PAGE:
PROMISE was cited in recommendations in guidance to the Mental Health Act, and features as a CQC example of good practice to help mental healthcare providers improve support for patients. It has provided a significant contribution to a blueprint for compassion and dignity for mental health patients.

The success of PROMISE underpinned a Trust-wide mapping exercise that identified 200 ideas and new initiatives. Changes to practice resulted in high overall satisfaction scores across the adult inpatient wards.

PROMISE went global in 2016 and was established in South Africa, Australia, Czech Republic, and USA. It informed the main source of evidence regarding restraint in Acute Mental Health Care in the Czech Republic’s national mental health care plan in 2019.

Read more about more about guidance for managers and practitioners.

Increased compassionate practice and emotional resilience

Compassion Focused workshops in the NHS Eastern region and through private training providers trained managers, clinicians and health and social care practitioners to promote compassion and increase compassion resilience.

The training is being adopted by service managers for their staff wellbeing and CPD training, for instance into Perinatal Mental Health Service at Mid-and South Essex Partnership Trusts the Unit Manager has promoted a compassion-focused strategy for staff.

Ann Pettit’s work has been promoted by leading educationalists through an International Compassion network of over 60 universities worldwide, leading to collaboration in curriculum developments and delivery.

Dr Wilson's work with the PROMISE programme at the CPFT had a “huge” impact (stated the CQC) resulting in improved compassionate mental health management of patients with mental health problems or learning disability.

Physical intervention across the entire CPFT was reduced by 35% - and reduced further in specialist mental health care units.

  • The interventions in the Learning Disability Unit dropped by 81%, from 48 to nine between 2015/16 and 2016/17.
  • In the Psychiatric Intensive Care Unit (PICU) another 81% reduction took the numbers from 44 to eight over the same time period.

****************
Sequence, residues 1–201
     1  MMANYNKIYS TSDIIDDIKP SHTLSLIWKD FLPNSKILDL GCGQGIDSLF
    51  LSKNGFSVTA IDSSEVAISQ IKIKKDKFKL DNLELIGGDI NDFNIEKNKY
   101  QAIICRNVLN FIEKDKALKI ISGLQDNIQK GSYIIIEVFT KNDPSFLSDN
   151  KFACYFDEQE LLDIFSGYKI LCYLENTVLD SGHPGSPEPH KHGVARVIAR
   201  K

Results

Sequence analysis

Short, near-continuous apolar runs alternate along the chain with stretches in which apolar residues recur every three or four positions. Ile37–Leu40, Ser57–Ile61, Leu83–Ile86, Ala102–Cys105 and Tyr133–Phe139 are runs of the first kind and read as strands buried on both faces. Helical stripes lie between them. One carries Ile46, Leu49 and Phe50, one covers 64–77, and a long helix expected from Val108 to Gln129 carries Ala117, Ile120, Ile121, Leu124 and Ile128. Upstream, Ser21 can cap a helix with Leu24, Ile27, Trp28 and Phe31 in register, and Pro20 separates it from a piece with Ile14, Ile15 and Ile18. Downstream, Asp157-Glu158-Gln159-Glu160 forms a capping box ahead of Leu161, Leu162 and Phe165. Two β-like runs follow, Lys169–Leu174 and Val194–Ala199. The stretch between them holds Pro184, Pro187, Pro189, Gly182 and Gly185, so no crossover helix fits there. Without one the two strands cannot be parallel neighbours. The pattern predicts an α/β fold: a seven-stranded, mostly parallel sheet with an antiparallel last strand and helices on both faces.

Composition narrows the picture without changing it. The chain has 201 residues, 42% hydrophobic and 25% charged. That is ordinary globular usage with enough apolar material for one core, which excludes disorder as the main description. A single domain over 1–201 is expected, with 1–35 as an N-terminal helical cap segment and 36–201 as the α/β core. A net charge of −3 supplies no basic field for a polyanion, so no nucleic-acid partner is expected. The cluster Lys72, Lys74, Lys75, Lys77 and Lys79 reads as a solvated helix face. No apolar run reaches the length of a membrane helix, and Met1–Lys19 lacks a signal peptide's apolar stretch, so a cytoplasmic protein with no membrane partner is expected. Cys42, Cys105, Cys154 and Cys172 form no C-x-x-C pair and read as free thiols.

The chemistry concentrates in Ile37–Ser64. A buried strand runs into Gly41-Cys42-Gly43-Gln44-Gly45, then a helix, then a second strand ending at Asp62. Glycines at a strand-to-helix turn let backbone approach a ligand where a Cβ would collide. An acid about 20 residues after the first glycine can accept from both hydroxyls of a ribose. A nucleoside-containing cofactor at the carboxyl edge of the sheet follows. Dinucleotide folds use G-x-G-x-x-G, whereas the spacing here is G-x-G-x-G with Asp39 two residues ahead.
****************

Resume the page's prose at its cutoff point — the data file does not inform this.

• Reductions for prone restraints were proportionately greater. In the Learning Disability Unit, 16 prone restraints fell to zero, while in the PICU, the change was from 13 to two.
  • In 2016 and 2017, the Specialist Personality Unit and Low Secure Unit of the Cambridge & Peterborough NHS Trust were prone restraint-free for 23 and 20 (of 24) months, respectively.

The initiative was central to the Trust changing its practice of physical interventions with in-patients who have a mental health disorder or learning disability, so reducing risk to patient wellbeing.

Overall patient satisfaction % scores measured in the high 80s, with 96% of patients identifying changes in physical restraint positively affecting respect and dignity. The change has been sustained. In 2015, PROMISE won the Strengthening the Foundation award from the Patient Experience Network.

Read more about more about compassionate practice and emotional resilience.

United Nations Sustainable Development Goals

We have mapped our REF 2021 impact case studies against the United Nations' Sustainable Development Goals (SDGs).

The 17 SDGs, adopted by all UN Member States in 2015, are an urgent call for action. They recognise that ending poverty and other deprivations must go hand-in-hand with strategies that improve health and education, reduce inequality, and spur economic growth – all while tackling climate change and working to preserve our oceans and forests.

This case study is mapped to SDG 3: Ensure healthy lives and promote well-being for all at all ages, target 3.4.

See also

Read the full REF 2021 impact case study for UoA 3: Developing compassion and compassionate resilience in health care workers and family carers